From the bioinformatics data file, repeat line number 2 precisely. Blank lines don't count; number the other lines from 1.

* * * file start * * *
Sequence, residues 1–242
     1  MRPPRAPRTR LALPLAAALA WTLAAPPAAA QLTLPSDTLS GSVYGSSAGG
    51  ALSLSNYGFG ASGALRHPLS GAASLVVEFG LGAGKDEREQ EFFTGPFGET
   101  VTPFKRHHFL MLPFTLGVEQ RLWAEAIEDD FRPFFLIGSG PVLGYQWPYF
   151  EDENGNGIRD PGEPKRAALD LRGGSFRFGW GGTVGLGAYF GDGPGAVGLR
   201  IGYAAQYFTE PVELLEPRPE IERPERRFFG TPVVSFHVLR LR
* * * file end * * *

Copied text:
     1  MRPPRAPRTR LALPLAAALA WTLAAPPAAA QLTLPSDTLS GSVYGSSAGG